Approaches to Leadership: Hurricanes, Wakes, Ripples and Deserts

How leaders foster desired changes characterizes their reputation as an effective leader.

This article was previously published on LinkedIn.

Leadership styles make or break companies. Why?

Teams reflect leadership.

It doesn’t take long to look in the mirror. If you don’t have a mirror, it only takes a cup of coffee to ask some teammates to reflect on your history working with people, projects, teams, and companies.

If you’re dissatisfied with your company, teams, projects, progress, and output, look in the mirror first. It could be you

Hurricane Leaders

Hurricane Leadership

Erratic, unpredictable, contrarian, immeasurable collateral damage

No one sees you coming. No one knows where you’re going. Teams see you’re on a rampage, but don’t know how to help. So, they stay out of the way and otherwise ensure damage to themselves and their interests is minimized – hoping you don’t swing back around for another go. The general assumption when you are present is a higher probability of storms with damage than rain enabling growth.

Your presence breaks things, sometimes people.

Leaders Who Leave Wakes

Leaders Who Leave Wakes

Purposed, directional, controlled, consistent, enabling

People see where you’re going and want to be part of the journey. And because of your plan, communication, and choices, teams who journey with you can be part of an experience that changes in all directions.

Because of you, those who journey with you can make use of the wake you leave behind in a constructive, growing, and useful manner. Your wake changes the company, culture, people, and teams.

Leaders Who Leave Ripples

Leaders Who Leave Ripples

Modest, enjoyable, optional, a lovely time

Who doesn’t love a pleasant afternoon aboard a boat with friends? The gentle hum of the motors barely noticeable, a warm, gentle breeze, the time just between a hot afternoon and dark evening, both without clouds. Sunset.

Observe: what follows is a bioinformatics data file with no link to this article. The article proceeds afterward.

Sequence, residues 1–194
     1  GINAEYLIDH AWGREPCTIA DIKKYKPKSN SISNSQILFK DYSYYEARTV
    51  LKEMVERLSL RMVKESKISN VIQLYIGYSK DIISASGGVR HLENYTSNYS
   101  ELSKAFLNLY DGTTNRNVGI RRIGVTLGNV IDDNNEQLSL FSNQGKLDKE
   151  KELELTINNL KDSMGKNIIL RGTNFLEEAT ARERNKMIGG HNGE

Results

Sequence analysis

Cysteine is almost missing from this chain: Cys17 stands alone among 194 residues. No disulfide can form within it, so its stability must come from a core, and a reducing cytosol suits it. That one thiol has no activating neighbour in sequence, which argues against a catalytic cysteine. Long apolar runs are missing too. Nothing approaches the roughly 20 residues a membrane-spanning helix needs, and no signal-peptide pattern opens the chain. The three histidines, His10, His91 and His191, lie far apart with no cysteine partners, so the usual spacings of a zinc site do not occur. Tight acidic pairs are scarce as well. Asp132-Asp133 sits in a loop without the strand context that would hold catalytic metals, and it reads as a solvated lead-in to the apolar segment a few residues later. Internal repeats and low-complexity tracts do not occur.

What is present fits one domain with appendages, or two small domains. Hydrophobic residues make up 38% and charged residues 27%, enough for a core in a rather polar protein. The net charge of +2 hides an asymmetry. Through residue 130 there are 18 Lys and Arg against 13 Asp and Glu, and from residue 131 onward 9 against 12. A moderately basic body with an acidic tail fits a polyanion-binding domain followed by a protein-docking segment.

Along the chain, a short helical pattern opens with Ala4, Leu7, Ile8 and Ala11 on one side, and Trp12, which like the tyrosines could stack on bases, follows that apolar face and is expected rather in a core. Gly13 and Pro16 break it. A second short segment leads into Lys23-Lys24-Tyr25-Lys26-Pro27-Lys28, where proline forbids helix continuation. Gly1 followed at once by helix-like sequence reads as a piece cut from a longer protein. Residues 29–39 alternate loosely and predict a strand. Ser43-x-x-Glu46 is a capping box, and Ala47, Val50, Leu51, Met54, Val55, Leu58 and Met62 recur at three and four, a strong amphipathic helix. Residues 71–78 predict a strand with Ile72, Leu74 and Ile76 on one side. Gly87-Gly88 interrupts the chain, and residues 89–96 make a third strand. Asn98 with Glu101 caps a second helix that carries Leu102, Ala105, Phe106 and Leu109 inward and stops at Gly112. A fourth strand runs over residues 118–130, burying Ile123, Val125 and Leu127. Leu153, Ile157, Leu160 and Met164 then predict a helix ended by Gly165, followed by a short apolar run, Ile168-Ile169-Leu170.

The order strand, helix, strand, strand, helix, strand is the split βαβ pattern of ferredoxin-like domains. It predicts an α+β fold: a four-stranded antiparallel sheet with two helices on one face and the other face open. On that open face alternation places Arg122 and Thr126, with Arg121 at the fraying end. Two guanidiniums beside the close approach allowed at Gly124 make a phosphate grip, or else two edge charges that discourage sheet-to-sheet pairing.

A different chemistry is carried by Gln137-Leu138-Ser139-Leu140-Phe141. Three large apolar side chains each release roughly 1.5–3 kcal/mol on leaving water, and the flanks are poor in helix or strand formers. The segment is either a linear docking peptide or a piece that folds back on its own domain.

Leaders who want a sunset cruise with chums enable others to relax. They need only aspire to the level exemplified. No need to rock the boat, make big waves, get out there and jump wake walls, increase skills, or otherwise even get out of the boat. This leadership style is peaceful. People like to be with you knowing that the demands may be low.

Your ripples eventually make contact with other parts of the ecosystem. To what extent change is stimulated, at what velocity or frequency may be variable, even unnoticed.

Desert Leaders

Deserts Leadership: Not Present

When there is no vision, mission, set of objectives, or desired outcomes, people do not know why to gather, what to work on together or even why they, or the company, matter. Leaders are looked upon to cast a vision, rally the people, lead the charge, and foster culture. In the absence of present, active leadership, folks tend to look for someone else, somewhere else, where they are recognized, valued, a part of something bigger than themselves.

Your impact on the culture, team, project, and company is negligible. There are no hurricanes, wakes, or ripples. Nothing is happening as a result of your leadership.

How Do You Choose Your Leadership Impact?

  1. Know what problem you want to solve
  2. Know what desired outcome you want after solving the problem
  3. Plan your leadership approach to foster desired change
  4. Communicate the what and the why of the problem and outcome
  5. Include the teams in solutioning, structuring, and implementation
  6. Continually adapt your leadership style contextually

What type of teams do you have in your company? They usually reflect leadership.


I’ve made a commitment to write more articles in 2020. It is material we discuss every day at Trility and with our clients. If you’d like to keep informed and even interact, please connect or follow me on LinkedIn. Or we can send you an email

We are also always looking for system thinkers to join us – those who can see the larger landscape and do the work as well.